Fritz Lang’s 1941 film Man Hunt (based on a novel with just as unintentionally homoerotic a title, Rogue Male, by Geoffrey Household, which I haven’t read) is structured around an interesting conceit: just before WWII, a thrillseeking British aristocrat (Alan Thorndike, played by the Canadian Walter Pigeon) is caught aiming a rifle at Hitler in what he claims was a “sport stalking,” basically throwing the fish back in. He’s then constantly pursued for the rest of the movie by the Gestapo in order to get him to sign a confession that he both a) really intended to kill Hitler and b) did it with the full knowledge of the British government, creating a pretext for war. Why Germany would want to go to war with Britain in 1938 is anyone’s guess, but that’s beside the point. By the end of the film, Gestapo agent Major Quive-Smith (George Sanders, the great English Nazi), before getting an arrow in the neck, has convinced Thorndike that he unconsciously desired Hitler’s death but fails to get him to subordinate that desire to a nation state. Since we’ve seen Thorndike’s own aristo father imply that England would gladly give him up for dead to appease the Führer, it’s easy to understand why.
But the resistance to nationalism goes deeper. Thorndike is an individualist, a free spirit, able to treat his social class — that most typically English of classes, landed gentry — as merely a source of income. I don’t know the circumstances behind the casting choices, but it’s entirely fitting that the lead actor be a Canadian with no interest in sounding English, the love interest, a working-class Londoner, played by an American (Joan Bennett — hearing Jersey attempt Cockney is quite an experience), and the heavy an Englishman with fluent German. Having heard Sanders do a decent enough German accent in other films, I can only assume that Lang told him to drop it for this role, and anyway the incongruities are backed up by the plot: the name Quive-Smith is an odd hybrid that doesn’t seem to have much to do with German, he is suspiciously described at one point as “too perfectly English”; Thorndike’s accent is (weakly) explained by the amount of time he spends “at his house in Canada,” etc. All of which adds an extra layer of irony to the following bit of dialogue between them. I’ll include the whole scene as it’s the only one I could find on YouTube; the part I transcribed occurs around 4:30:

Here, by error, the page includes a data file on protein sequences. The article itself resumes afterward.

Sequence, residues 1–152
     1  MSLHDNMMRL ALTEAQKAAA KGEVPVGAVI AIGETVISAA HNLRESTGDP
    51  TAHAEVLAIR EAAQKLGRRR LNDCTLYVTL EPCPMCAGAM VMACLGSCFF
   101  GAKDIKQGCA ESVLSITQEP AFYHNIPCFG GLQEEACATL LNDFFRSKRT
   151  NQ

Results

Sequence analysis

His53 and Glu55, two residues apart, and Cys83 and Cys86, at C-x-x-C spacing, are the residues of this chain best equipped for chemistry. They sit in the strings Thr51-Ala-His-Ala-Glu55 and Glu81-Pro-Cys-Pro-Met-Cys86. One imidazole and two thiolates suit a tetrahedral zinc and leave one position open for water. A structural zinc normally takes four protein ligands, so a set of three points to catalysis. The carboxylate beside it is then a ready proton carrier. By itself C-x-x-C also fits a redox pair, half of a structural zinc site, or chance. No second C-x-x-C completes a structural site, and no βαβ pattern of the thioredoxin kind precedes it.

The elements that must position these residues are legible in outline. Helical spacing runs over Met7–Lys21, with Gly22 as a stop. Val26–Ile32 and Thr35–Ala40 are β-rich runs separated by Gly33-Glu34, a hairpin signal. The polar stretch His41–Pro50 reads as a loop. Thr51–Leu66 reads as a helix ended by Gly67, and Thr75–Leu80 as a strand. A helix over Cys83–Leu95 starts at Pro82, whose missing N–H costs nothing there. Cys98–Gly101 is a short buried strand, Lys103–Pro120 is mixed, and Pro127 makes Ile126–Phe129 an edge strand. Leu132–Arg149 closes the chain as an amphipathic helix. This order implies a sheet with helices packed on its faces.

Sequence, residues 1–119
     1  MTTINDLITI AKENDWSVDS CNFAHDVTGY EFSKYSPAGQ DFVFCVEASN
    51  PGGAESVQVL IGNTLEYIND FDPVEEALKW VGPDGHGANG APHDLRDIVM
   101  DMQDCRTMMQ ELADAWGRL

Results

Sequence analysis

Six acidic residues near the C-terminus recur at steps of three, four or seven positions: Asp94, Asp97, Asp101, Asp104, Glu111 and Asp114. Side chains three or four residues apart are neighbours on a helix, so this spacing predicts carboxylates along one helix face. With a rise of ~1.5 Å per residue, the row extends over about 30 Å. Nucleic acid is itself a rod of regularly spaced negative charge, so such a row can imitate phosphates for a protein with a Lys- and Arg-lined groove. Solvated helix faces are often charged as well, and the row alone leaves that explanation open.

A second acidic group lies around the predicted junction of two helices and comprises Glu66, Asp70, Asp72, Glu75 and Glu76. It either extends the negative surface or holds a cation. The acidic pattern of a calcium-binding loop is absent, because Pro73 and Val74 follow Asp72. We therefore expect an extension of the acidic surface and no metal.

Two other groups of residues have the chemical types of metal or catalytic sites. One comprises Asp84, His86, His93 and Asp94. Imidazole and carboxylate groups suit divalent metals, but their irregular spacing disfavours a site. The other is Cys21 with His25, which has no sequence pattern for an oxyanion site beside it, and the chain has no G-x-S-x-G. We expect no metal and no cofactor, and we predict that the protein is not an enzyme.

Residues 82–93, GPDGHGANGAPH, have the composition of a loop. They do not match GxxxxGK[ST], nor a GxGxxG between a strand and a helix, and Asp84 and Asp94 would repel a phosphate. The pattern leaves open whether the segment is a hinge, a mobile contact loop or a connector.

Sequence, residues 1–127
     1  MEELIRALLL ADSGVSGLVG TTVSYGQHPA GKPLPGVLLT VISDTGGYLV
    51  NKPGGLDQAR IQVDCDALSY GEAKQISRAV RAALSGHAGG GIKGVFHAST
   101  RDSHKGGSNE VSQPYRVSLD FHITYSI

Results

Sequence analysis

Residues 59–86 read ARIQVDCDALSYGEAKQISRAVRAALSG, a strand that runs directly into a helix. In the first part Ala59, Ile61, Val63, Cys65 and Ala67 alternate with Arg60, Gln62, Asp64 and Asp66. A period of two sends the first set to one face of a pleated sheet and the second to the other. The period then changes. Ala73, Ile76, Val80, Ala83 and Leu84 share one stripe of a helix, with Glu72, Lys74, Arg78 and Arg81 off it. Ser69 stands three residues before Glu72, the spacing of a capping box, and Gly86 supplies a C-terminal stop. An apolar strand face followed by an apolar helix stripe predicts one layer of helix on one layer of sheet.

Quive-Smith: “Your conversation fascinates me, Thorndike. But this softness in your nature with regard to the ultimate purpose of firearms betrays the weakness, the decadence, not only of yourself but of your entire race. Yes, you’re symbolic of the English race.
Thorndike: “I’m beginning to think that you’re symbolic of yours!”